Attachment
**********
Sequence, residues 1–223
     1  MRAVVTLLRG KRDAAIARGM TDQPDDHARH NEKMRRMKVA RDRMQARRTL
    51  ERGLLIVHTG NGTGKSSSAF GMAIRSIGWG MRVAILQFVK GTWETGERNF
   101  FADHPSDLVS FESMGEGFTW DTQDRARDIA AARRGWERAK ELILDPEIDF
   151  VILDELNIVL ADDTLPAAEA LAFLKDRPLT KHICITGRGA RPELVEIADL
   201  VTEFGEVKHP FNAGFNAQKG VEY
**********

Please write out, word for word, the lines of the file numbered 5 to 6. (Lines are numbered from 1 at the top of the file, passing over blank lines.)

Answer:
   151  VILDELNIVL ADDTLPAAEA LAFLKDRPLT KHICITGRGA RPELVEIADL
   201  VTEFGEVKHP FNAGFNAQKG VEY